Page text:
2. Miles Anderson says:

    "Only 3% of affairs turn into a new marriage"

    You like this stat (I've seen you quote it before) but it doesn't have any meaning in isolation. What percentages of relationships turn into marriage?

    "By all means flirt and prove that you can pull female attention – in fact that's vital."

    It is easy to say this from a position of strength looking inwards but for the person in a failing relationship who is already weak you are enabling them to make a mistake. I'm understand where this advice is coming from but I'm not convinced the downside isn't larger then the upside.

  3. Anonymous says:

    So easy to get sucked into when you are in a failing relationship. The pain is unbearable at times and an affair can become a very tempting way to self medicate, so to speak.

  4. Anonymous says:

    Here is another take on cheating by Roissy where infidelity by the husband is good for a faltering marriage.

    Tempting, isn't it?

  5. Athol Kay says:

    Miles – Game is a double edged sword. It can be used to advantage the man, and it can be used to get him in all sorts of added difficulty. Can't change that risk.

    Kat – affairs are terrible for marriage.

    Anon – Roissy is woefully wrong on this point. It can only take a single act of sexual disloyalty to completely end a woman's love for you. It's one thing to attract other women, it's another to actually cheat with one. How an individual woman reacts to actual cheating is fairly unpredictable. Some fold up and cry and let it happen, others turn into hardened steel and disembowel you in court for it.

  6. TrophyWife says:

    According to my therapist (who often counsels couples), it's the men who quickly leap into a transitional relationship. He says these transitional relationships fail because the men never take the time to assess the reasons for their previous failed relationships, and are thus doomed to repeat the same mistakes.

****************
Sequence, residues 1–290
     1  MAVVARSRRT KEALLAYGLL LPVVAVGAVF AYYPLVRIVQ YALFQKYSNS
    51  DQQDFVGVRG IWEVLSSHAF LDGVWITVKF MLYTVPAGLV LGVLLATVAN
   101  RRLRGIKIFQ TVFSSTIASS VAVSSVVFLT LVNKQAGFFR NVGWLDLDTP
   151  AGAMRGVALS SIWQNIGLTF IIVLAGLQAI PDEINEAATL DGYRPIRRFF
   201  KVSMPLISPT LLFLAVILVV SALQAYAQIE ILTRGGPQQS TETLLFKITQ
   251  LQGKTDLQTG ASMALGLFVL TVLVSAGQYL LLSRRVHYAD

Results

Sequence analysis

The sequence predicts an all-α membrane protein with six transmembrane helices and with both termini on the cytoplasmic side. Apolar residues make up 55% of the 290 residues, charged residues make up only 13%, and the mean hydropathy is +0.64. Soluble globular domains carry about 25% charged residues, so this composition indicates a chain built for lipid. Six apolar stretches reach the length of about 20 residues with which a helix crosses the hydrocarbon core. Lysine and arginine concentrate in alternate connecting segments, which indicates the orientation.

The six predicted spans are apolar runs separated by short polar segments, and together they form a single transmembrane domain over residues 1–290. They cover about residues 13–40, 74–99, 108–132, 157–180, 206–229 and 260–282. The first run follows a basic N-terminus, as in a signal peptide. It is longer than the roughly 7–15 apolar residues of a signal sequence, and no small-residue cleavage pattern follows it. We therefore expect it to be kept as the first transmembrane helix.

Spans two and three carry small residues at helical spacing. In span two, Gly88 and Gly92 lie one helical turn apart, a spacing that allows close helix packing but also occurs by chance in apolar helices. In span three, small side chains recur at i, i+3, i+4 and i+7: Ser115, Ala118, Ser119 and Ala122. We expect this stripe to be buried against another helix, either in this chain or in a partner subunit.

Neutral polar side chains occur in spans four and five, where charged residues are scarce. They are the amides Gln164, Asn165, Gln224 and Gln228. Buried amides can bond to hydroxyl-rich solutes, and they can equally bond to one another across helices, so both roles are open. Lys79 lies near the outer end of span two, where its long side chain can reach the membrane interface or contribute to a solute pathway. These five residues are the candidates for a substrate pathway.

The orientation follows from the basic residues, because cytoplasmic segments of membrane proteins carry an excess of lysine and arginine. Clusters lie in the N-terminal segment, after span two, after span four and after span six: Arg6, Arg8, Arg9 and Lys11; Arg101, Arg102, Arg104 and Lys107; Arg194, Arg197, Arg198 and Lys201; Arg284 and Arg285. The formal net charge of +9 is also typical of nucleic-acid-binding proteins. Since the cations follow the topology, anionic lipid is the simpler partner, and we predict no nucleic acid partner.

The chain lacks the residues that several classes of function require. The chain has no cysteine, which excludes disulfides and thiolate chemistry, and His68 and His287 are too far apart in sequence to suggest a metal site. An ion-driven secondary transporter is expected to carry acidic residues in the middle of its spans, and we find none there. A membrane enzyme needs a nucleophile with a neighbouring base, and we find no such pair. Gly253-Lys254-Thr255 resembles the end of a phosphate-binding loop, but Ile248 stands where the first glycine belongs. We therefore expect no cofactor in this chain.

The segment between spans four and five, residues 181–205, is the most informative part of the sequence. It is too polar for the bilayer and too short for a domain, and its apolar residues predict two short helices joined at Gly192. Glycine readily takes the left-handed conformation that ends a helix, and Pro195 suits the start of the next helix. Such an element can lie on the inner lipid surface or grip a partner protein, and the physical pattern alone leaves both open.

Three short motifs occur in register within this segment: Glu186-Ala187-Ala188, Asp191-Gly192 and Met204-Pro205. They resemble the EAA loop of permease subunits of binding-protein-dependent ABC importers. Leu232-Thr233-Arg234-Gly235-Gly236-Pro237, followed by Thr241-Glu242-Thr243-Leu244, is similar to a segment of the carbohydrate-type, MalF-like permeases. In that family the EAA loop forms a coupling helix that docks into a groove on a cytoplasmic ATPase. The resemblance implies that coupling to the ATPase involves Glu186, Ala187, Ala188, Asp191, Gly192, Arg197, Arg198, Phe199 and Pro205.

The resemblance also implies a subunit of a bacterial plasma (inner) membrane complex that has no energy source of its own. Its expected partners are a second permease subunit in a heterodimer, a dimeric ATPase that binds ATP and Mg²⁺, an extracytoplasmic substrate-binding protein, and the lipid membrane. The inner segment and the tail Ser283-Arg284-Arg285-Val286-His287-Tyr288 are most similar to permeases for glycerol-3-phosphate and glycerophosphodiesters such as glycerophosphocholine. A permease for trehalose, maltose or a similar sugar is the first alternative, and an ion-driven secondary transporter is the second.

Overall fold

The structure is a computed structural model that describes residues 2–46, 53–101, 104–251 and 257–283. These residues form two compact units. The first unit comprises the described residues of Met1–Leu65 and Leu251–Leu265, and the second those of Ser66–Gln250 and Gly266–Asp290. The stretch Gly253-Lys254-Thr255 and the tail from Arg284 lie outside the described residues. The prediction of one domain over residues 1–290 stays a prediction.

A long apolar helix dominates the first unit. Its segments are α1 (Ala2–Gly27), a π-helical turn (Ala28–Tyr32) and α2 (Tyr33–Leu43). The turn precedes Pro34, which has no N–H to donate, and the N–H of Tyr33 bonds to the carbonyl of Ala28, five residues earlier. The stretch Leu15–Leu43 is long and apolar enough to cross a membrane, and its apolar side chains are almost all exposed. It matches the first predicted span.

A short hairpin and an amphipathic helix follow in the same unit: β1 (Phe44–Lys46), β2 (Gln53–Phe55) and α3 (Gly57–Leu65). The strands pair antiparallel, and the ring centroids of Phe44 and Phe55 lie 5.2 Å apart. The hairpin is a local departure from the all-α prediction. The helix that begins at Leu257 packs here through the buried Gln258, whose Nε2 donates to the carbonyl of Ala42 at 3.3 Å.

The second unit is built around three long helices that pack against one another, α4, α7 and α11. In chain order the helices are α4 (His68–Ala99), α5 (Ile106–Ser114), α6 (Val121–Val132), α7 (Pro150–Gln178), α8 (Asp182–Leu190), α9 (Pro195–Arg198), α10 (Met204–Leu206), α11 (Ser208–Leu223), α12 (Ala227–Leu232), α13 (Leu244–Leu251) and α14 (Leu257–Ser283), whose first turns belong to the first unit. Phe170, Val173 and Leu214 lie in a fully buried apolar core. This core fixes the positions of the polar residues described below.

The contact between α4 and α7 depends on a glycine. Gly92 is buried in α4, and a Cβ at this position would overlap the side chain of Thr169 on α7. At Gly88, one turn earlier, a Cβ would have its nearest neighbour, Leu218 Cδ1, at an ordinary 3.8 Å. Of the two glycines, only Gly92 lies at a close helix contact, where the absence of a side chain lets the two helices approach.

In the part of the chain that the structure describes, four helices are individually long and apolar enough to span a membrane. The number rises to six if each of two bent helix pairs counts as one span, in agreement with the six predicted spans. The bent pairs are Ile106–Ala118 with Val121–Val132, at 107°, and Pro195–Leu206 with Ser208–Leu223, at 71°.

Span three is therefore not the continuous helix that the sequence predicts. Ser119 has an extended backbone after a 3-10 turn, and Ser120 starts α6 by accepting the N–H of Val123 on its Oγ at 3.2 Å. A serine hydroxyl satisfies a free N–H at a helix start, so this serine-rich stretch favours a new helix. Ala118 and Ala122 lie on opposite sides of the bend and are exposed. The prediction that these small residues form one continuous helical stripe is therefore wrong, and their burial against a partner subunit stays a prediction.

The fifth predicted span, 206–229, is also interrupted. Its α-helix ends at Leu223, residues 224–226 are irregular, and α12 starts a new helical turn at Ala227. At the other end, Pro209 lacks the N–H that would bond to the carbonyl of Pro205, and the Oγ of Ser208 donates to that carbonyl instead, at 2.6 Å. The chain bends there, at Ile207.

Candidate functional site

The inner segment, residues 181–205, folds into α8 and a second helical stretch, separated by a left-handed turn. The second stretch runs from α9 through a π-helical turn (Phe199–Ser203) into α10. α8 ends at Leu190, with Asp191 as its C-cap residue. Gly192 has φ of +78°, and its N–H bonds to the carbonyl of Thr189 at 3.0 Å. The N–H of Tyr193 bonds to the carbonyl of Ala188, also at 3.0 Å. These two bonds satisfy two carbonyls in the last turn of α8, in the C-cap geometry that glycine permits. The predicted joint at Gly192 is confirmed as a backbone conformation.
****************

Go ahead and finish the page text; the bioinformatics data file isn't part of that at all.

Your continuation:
Women, on the other hand, tend to take more time between relationships, and therefore are more likely to learn from their errors (according to him).

    Personally, I doubt he's right about that. I think MOST (not all) people are doomed to repeat their same relationship mistakes over and over again, regardless of gender.

    Most people don't change.

  7. TrophyWife,

    I concur with your skepticism…I doubt there are set gender patterns of who fixes their shit first, except possibly that the first person to mentally give up on the relationship is going to start looking for a new partner on their way out the door. Athol writes a lot about how exasperated wives are easy pickings for another man who gives her a dopamine rush, and a certain pattern of divorces seems to be a flagging relationship where the transitional relationship is simply the excuse to blow up the marriage and not an end in itself.

    It's just not realistic to expect to hop into another relationship soon after or during a breakup and expect it to work out.

  8. This is an article that makes you think “never touhght of that!”